Sent this to a friend of mine. You may have this too but if not hope it helps.
LoadData: .300 AAC Blackout (Hodgdon Data) Charge and Load Information/Data for the .300 AAC Blackout (Hodgdon Data).
THE CARTRIDGE CALLED THE .300 AAC BLACKOUT IS RELATIVELY recent, but its evolution is quite interesting. Back in the 1990s, SSK Industries brought forth a neat little .30-caliber cartridge and called it the "300 Whisper." It was based on the necked-up.221 Remington Fireball case and caused quite a stir at the time. The round initially pushed very heavy bullets at subsonic velocities, so it was eminently adaptable in suppressed weapons.
It quickly became the darling of the tactical community, but good things are hard to keep secret. Many shooters realized the potential of the Whisper in single-shot arms like the Remington XP-100 and the T/C Encore and that it made a dandy hunting cartridge with properly constructed 110- to 150-grain bullets.
In 2011, Advanced Armament Corp. introduced its version of the cartridge, but called it the "300 Blackout," getting the cartridge approved by SAAMI in January 2011. While the target market for it is not completely clear at this writing, this development will surely further the use of the round, as factory ammo and cases are now available for what was heretofore a wildcat. Handloaders will have a field day loading ammo for this neat little concept cartridge. Best of all, Hornady has introduced .300 Whisper factory ammo and Remington has .300 Blackout loads.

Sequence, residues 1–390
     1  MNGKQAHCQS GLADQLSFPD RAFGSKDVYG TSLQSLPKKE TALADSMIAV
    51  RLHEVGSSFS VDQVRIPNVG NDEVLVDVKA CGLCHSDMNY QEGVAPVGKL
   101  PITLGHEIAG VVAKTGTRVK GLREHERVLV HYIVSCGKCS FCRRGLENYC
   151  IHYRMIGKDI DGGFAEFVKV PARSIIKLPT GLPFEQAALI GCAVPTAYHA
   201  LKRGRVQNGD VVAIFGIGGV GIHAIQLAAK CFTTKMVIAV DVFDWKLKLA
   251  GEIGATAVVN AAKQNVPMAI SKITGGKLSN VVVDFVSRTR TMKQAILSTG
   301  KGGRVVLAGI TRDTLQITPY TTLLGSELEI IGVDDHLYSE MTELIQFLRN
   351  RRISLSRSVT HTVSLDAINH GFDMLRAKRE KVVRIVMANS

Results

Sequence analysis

While the .300 Whisper and .300 Blackout cases are virtually the same, the Blackout throat is a bit longer, so it's okay to use Whisper ammo in a Blackout, but Blackout ammo might not work in a Whisper. The 100-percent safe solution is, of course, to use only the ammo of the caliber that's stamped on the barrel. Also, Hornady states that its new .300 Whisper ammo is fully compatible with all .300 Blackout rifles, so this solves the problem, too.
Our test rifle this month is a brand new Hunter AR from Loki Weapons Systems, and it proved to be a real shooter. It sports a 16-inch barrel with a 1:8 twist (the better to stabilize long bullets at low velocities). The Hunter has what barrel-maker Steve Satern calls the "Russian" rifling system, in which the edges of the lands are beveled at 45-degree angles. I'm not sure about the technicalities of this, but I can tell you that it shoots great and doesn't pick up fouling, even after many rounds. We topped the Hunter off with a Bresser l-4x30mm scope in Weaver extra-high rings. Due to range construction, we had to test at 80 yards, instead of the usual 100.
Handloading the Blackout presents no unusual problems now, but back in the day, you had to form cases by necking up.221 Fireball cases. Today, we can either fire factory ammo or order preformed cases. We took the easy route and used Hornady cases and re-formed 5.56mm cases (bradswarehouse.com) with complete success. We used a new set of precision-made Forster Benchrest dies, and the proper shellholder is the same as for the.223.